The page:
To account for the typical MP effect when running at relatively high utilizations, the MSU/CP ratios in IBM’s processor ratings are not linear but decrease significantly as more CPs are added. Figure 1 illustrates the decrease in this ratio across several z13 processor models. But if the business workload remains the same when CPs are added, overall processor utilization will decrease and additional overhead from the MP effect is likely to be negligible. In that case, a lower MSU/CP rating can translate directly into lower MSU consumption for the same workload.
Figure 2 compares the MSU/CP ratios for three z13 processor models. Note the decrease of 18 percent in the MSU/CP rating for a z13-726 from a z13-711. With the overhead assumption expressed above, the green value highlights that a workload generating 1000 MSUs on a 711 processor would generate only 819 MSUs when run on a 726, solely due to the reduced MSU/CP rating. This is in addition to the CPU savings from improved processor cache efficiency that would also accompany this change.
The bottom line here is there are two significant benefits of deploying additional hardware capacity while running at lower utilizations that combine to create even larger savings. First, less CPU is consumed due to operating efficiencies from more effective use of processor cache (along with other operating system efficiencies that also result from running at lower utilizations). And second, the CPU that is consumed translates into fewer MSUs, due to the decrease in the processor MSU/CP ratings.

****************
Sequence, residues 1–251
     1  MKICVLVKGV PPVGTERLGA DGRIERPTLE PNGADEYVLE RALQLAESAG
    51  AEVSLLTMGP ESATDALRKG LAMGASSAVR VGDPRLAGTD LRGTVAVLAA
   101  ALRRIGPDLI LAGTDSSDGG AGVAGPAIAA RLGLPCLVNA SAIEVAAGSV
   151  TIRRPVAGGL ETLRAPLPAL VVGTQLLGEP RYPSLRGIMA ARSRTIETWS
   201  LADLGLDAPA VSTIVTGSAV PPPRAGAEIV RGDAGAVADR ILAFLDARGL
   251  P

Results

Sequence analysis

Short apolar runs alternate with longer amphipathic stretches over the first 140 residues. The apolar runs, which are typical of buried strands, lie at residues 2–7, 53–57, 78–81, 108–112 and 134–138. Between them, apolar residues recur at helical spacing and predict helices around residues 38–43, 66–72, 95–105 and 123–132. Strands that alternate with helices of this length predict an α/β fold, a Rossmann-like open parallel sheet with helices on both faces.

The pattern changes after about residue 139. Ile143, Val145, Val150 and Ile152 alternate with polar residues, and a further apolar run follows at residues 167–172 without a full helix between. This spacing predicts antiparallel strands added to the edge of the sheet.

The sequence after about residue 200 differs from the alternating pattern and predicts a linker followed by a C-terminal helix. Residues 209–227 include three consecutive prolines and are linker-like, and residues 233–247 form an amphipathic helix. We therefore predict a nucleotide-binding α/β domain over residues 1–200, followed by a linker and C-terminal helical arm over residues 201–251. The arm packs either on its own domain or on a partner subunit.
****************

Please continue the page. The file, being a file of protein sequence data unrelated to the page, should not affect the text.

Sub-Capacity Processor Models
A third way to increase the number of physical CPs is to utilize sub-capacity processor models, which deliver more physical CPs for the same MSU capacity. These additional physical CPs enhance processor cache efficiency without incurring additional hardware expense, by (a) increasing the amount of Level 1 and 2 processor cache and (b) increasing the workload executing on VH logical CPs.
The suitability of sub-capacity models for a given environment needs to be carefully evaluated, taking into account the slower single engine speeds of these models along with overall limitations on total processor capacity. But keep in mind that even if production workload capacity requirements require full-capacity models, processors supporting development and test LPARs are often prime candidates to reap the potential cache efficiencies provided by sub-capacity models.